Among those 24 patients, 14 patients had partial seizures with and without secondarily generalized seizures, and 10 patients had multiple types of generalized seizures. Eight (57.1%) of those 14 patients with partial seizures showed more than 50% reduction of seizure frequency. Seven (70.0%) of those ten patients with multiple type of generalized seizures showed more than 50% reduction of seizure frequency. No patients were completely without seizures at the six-month follow-up period.
We also analyzed six patients who were 12 years old and under; three patients had tuberous sclerosis, two Lennox-Gastaut syndrome, and one encephalitis. Five patients (three tuberous sclerosis and two Lennox-Gastaut syndrome) or 83.3% showed more than 50% reduction of seizure frequency.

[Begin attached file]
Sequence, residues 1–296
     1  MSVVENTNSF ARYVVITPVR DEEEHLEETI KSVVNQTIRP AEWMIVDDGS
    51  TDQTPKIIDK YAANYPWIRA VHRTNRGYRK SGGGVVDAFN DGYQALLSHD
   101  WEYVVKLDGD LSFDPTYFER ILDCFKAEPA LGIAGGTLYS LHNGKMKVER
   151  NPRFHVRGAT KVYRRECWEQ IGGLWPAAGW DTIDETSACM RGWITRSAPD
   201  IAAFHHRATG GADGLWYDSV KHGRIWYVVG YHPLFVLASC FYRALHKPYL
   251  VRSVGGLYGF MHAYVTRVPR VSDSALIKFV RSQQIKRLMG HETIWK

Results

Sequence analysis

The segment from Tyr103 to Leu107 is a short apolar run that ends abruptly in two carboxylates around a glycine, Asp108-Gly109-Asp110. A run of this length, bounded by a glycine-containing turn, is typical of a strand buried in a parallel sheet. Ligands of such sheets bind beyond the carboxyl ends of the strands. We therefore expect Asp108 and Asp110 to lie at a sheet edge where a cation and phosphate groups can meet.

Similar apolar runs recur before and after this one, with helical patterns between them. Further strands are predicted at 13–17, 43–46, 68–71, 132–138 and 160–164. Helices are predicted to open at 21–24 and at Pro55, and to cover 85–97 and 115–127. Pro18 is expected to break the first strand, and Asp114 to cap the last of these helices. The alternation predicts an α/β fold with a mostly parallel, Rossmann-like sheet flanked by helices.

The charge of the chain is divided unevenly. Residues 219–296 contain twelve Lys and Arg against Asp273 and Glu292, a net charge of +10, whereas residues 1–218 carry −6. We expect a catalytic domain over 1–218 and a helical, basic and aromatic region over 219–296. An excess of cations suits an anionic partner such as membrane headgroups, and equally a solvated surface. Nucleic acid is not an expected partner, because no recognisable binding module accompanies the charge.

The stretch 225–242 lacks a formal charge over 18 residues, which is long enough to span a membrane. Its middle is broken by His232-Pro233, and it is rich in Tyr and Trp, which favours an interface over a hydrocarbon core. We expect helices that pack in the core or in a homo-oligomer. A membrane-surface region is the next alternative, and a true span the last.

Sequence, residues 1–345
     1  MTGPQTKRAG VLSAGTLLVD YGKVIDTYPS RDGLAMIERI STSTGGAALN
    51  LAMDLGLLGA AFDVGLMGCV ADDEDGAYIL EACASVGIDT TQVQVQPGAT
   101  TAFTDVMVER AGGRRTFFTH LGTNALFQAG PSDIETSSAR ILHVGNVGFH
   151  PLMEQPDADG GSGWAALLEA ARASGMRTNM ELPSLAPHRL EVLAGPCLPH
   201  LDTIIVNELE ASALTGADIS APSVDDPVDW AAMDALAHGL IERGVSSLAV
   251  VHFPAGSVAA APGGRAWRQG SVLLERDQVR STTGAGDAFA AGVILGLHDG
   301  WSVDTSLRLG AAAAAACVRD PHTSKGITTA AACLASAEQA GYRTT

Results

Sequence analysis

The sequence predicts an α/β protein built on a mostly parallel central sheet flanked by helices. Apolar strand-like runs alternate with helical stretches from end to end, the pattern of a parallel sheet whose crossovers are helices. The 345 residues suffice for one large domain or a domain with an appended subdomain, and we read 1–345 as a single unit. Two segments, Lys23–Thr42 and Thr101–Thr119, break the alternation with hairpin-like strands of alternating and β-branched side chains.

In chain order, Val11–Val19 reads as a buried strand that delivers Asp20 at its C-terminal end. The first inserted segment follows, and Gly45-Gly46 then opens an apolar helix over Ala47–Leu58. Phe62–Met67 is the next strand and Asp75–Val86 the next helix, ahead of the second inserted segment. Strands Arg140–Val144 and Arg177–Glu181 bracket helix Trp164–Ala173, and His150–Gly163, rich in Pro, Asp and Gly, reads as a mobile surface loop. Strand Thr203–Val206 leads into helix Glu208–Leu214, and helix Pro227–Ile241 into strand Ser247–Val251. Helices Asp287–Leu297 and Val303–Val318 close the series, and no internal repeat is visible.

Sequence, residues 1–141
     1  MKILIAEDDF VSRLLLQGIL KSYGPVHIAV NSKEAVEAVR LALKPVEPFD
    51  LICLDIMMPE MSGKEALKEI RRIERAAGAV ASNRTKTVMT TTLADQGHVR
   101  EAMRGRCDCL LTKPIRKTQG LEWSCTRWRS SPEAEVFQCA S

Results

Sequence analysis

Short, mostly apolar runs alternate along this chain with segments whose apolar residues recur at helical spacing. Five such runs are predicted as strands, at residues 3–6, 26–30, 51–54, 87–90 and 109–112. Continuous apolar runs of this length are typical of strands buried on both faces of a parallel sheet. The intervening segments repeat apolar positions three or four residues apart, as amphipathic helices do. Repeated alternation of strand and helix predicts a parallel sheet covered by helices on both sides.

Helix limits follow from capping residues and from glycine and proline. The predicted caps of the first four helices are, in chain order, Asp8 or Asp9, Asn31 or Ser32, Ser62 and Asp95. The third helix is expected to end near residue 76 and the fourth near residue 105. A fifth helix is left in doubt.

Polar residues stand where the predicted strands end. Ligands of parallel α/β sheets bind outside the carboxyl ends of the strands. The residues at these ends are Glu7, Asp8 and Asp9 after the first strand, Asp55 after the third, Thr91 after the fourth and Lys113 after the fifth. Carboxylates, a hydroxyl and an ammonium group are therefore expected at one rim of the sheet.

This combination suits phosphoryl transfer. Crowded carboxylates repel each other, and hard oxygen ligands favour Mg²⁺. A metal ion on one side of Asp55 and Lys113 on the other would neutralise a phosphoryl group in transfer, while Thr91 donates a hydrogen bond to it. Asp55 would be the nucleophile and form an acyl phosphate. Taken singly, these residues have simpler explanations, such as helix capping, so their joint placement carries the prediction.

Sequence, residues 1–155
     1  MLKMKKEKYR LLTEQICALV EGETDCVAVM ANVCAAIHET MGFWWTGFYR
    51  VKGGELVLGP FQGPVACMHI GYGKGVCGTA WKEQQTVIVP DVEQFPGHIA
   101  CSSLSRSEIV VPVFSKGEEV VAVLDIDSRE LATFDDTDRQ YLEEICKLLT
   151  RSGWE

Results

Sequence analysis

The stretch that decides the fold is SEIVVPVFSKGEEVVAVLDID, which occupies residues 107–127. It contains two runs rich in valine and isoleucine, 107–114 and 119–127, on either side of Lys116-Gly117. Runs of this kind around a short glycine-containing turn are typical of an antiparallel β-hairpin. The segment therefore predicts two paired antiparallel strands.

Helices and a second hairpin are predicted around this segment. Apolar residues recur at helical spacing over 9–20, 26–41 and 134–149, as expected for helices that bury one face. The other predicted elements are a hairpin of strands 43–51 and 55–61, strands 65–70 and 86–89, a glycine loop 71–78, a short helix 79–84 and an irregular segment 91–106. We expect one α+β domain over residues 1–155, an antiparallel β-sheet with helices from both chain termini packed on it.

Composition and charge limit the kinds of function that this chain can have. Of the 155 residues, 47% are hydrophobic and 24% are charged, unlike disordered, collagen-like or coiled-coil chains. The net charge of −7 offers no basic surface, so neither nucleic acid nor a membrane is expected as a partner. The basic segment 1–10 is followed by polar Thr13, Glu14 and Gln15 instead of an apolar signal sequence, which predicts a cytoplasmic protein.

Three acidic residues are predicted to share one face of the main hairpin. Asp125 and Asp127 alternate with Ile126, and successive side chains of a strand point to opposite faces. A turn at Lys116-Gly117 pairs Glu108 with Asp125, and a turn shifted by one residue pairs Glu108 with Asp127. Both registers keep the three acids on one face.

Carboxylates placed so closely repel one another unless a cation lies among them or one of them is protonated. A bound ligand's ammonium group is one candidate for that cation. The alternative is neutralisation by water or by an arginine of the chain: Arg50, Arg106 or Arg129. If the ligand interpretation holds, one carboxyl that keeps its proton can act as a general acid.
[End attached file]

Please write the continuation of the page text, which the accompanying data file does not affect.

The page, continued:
All side effects were well tolerated and did not precipitate discontinuation of the treatment. Hoarseness developed in two (8.3%) of the 24 patients (patients 4 and 7) because of left vocal cord paralysis. Both patients regained normal voice within three months. Twelve (50%) of the 24 patients had intermittent hoarseness which developed during VNS; other transient events during VNS included paresthesia in the left side of the neck. Vital signs and electrocardiographic findings showed no clinically significant change after VNS.
Among the 13 patients who had no mental retardation, nine patients (patients 1, 4, 5, 7, 9, 14, 15; 16; 23; 69.2%) reported being more alert and better able to concentrate at six-month follow-up; two patients (patients 1 and 5; 15.4%) reported having better mood; and one patient (patient 4; 7.7%) reported having better memory and work performance. The families of nine mentally retarded patients (patients 2, 3, 8, 11, 13, 17, 18, 22, 24) reported that the patients were more mentally alert. Two mentally retarded patients (patients 3 and 8) were reported to have occasional nocturnal wakefulness and required sedation to relieve this symptom.